Q&A: MVLA trustee Mitchner shares thoughts on leaving board

After 11 years on the Mountain View Los Altos Union High School Board of Trustees, Joe Mitchner decided it was time for a change and opted not to run for re-election.

During his time on the board, Mitchner, a Mountain View resident, used his financial background to help shepherd a $275 million facilities bond, but he said he’s most proud of the work he’s done to advocate for students’ wellness.

“There’s a part of me that would like to stay, but there’s a part that recognizes it’s time to move on,” he said.

Catherine Vonnegut, a longtime community volunteer, will take Mitchner’s place on the board after winning a seat in the Nov. 6 election.

Following are Mitchner’s reflections on his time on the board.

Q: What brought you to the decision to not run for re-election?

A: I never envisioned myself as a 20- or 30-year person. I’ve made my contributions. I started before my kids were even in the district and now they’re gone, and I just think it’s time to leave it to other people to be involved. Life changes, and there may be some other things I’d like to do in the community. I want to do some traveling and things like that.

Q: Did you struggle with that decision?

A: It was a hard decision because I’m still really engaged and passionate about the issues. I’ll miss it, for sure, but at the end of the day, it’s better to step down a little too soon than a little too late.

Q: What made you want to be on the board in the first place?

A: I started being involved in community volunteering pretty young. I started coaching Little League when I was 14, and then I was on the Menlo Park Parks and Recreation Commission for six years right after college.

When my kids started in school, I just gravitated toward volunteering – serving on PTAs and advisory committees in the elementary school district. When an opportunity came up on the high school board, there were people who pointed me in that direction. It fit well with the things that I was doing, and it was nice to do it before my kids got there because I was able to learn a lot about the district. I had a different perspective because I got to see it from before my kids came, while my kids were there and after my kids have been gone.

Q: What stands out to you as something you’re proud of?

A: Well, it’s hard, because no one board member can really do anything. But overall, I’m proud of the number of academic opportunities we’ve added. When I first came to the district, when we talked about adding a class, the response was, “Well, which one of the other classes are we going to take away?” That’s totally changed. In the last five years, we’ve added 50 or 60 classes. The number of opportunities that have been added at all levels – AP classes, mainstream classes, support classes – is pretty cool.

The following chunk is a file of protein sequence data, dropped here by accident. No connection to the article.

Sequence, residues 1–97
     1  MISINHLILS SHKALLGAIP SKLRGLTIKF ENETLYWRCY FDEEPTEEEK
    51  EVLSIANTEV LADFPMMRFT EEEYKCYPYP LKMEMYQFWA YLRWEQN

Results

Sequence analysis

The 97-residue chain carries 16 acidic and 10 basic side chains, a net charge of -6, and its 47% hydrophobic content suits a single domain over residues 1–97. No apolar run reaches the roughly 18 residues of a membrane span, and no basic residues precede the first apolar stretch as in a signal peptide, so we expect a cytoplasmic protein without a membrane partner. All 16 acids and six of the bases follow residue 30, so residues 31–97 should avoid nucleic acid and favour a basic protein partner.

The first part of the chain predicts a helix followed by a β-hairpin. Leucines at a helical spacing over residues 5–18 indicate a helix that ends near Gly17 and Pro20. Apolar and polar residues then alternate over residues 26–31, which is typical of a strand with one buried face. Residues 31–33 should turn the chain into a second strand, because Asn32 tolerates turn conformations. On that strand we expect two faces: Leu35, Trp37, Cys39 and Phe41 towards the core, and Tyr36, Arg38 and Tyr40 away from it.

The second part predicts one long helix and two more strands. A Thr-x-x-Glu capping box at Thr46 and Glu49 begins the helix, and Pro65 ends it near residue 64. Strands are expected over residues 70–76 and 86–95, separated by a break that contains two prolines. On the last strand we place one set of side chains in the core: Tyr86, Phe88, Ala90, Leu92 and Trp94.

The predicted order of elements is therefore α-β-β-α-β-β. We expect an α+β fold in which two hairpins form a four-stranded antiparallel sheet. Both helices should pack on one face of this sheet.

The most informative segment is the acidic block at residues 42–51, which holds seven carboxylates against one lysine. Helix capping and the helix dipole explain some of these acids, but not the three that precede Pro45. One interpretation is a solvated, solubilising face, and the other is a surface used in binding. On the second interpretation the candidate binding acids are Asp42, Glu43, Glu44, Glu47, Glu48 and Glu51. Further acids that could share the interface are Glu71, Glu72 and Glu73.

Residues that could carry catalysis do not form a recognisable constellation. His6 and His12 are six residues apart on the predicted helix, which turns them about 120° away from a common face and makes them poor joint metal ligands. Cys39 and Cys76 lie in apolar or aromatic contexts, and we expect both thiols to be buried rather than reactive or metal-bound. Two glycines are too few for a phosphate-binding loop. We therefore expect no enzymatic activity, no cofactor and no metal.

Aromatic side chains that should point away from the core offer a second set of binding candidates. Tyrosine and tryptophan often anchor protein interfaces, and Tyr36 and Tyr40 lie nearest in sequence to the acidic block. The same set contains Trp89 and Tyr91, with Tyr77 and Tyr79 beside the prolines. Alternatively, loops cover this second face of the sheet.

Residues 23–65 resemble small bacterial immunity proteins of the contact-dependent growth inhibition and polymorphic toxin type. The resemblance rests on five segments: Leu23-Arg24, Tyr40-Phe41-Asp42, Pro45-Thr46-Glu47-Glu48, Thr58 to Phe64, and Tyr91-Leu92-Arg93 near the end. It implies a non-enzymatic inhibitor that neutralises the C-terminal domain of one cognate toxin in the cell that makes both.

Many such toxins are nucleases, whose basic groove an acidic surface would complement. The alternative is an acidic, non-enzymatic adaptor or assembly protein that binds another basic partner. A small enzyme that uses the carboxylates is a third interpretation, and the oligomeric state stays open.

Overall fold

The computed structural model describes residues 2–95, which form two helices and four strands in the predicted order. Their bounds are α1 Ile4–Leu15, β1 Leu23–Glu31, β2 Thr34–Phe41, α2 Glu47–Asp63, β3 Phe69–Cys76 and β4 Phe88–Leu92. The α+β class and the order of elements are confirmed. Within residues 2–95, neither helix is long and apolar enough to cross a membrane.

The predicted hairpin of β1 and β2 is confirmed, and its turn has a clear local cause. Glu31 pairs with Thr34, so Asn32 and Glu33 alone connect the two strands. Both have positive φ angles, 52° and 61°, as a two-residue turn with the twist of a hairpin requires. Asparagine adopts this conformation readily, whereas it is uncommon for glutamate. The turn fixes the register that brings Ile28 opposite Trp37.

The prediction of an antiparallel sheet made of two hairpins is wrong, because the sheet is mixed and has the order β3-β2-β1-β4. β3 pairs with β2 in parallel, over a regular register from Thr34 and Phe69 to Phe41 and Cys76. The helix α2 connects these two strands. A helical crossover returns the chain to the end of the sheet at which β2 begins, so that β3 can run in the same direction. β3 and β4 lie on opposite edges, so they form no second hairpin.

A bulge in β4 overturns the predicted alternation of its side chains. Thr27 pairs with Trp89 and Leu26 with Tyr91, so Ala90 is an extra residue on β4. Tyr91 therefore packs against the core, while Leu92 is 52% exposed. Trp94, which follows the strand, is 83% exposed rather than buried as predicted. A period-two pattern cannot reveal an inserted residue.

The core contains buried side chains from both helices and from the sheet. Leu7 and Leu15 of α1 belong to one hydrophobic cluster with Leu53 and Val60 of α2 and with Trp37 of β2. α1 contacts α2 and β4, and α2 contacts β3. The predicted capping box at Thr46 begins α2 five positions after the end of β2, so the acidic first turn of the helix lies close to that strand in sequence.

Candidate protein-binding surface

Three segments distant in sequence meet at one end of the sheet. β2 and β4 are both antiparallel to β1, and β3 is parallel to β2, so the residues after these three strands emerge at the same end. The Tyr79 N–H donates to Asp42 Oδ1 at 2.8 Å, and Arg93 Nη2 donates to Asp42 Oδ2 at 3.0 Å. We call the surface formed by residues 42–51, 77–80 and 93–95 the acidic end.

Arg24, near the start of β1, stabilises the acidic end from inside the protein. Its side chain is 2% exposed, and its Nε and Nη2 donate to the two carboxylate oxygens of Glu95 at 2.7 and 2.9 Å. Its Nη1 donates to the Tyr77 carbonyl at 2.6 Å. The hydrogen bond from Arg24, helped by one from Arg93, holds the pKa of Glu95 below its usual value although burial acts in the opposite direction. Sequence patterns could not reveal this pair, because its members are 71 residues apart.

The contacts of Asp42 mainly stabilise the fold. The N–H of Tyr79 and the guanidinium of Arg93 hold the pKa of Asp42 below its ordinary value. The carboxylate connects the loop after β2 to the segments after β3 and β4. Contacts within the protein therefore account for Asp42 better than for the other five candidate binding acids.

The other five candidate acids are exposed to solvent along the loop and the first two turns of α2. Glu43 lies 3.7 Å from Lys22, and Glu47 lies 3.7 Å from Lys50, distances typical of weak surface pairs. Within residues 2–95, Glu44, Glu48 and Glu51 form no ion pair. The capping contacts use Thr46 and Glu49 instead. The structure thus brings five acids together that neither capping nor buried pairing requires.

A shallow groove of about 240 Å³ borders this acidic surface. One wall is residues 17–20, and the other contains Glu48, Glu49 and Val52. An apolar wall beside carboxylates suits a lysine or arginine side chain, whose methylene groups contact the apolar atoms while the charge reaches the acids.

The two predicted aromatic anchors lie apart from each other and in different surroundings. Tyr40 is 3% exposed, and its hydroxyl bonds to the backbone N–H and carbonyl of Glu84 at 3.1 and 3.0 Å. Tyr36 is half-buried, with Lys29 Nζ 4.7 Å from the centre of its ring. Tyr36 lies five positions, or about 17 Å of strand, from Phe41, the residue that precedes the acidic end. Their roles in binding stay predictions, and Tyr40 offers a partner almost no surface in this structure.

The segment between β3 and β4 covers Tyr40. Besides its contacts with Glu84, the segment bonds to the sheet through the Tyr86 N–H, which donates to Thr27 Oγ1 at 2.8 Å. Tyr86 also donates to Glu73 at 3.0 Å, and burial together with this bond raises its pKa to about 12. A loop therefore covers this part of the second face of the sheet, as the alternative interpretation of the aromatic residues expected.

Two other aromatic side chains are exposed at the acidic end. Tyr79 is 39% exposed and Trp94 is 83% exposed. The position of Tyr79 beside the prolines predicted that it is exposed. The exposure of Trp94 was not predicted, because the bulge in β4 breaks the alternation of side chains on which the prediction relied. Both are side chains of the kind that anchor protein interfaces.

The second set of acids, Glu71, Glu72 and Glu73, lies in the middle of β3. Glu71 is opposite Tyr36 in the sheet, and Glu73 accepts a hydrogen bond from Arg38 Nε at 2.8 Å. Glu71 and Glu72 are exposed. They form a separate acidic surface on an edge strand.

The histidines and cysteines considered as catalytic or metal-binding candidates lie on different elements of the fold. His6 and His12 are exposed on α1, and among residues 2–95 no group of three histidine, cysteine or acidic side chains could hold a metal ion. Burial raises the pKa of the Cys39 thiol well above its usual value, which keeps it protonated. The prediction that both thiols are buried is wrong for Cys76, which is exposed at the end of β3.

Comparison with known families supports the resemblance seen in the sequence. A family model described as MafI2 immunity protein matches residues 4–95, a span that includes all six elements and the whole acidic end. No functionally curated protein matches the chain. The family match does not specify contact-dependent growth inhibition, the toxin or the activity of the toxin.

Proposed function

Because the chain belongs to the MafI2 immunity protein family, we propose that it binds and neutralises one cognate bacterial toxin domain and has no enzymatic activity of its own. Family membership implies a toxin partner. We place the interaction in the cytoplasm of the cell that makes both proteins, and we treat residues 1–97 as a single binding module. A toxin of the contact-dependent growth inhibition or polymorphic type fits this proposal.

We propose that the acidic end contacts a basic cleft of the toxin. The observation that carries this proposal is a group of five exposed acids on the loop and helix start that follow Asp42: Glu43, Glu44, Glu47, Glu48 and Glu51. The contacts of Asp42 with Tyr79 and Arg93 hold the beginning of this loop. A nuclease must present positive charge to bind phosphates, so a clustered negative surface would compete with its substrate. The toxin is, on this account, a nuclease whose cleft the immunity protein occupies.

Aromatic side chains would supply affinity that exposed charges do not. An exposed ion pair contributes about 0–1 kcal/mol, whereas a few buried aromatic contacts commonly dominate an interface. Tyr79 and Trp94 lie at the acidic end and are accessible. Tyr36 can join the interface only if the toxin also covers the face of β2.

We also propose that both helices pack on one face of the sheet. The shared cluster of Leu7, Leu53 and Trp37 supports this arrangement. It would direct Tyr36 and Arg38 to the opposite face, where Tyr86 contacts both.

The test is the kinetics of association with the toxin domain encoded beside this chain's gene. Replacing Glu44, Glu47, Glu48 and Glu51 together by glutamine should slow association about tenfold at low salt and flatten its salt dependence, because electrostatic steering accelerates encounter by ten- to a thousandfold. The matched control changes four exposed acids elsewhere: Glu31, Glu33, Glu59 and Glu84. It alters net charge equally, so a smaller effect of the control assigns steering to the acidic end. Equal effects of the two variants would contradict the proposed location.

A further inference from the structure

The other area that I’m really proud of is the mental health realm. We’ve added therapists at our schools, the teachers have gone through a suicide recognition program and we have referral boxes on our campuses.

More recently, we did the homework policy, which, again, came about because there was a concern for kids’ health. One of the things that I did push for was to have some homework-free weekends. I just think that over the course of a year, we should be able to have a few weekends where kids don’t have to worry about anything.

Q: What’s your favorite part of the job?

A: My favorite part is actually outside of the board room. I really enjoy visiting classrooms, and I try to do that as much as I can. It’s just so great to see how bright kids are and how engaged they are in classes and how our teachers are so dynamic in how they deliver the material and how they engage kids.

The other thing is celebrating the accomplishments of our students. I love hearing about all the things that our students are doing in the community: their accomplishments, business competitions, going back to their elementary schools and helping with tutoring.

Q: What advice do you have for Catherine Vonnegut, who’s joining the board?

A: Just to really listen. To spend some time listening to a lot of people throughout the district. The board, any board, needs a globalist, someone who cares about all the issues. Don’t be a single-issue person, because you owe that to our community, to represent every student and be watching over all the parts of the district. Listen a lot. You’re one of five people overseeing everything. Take that to heart.

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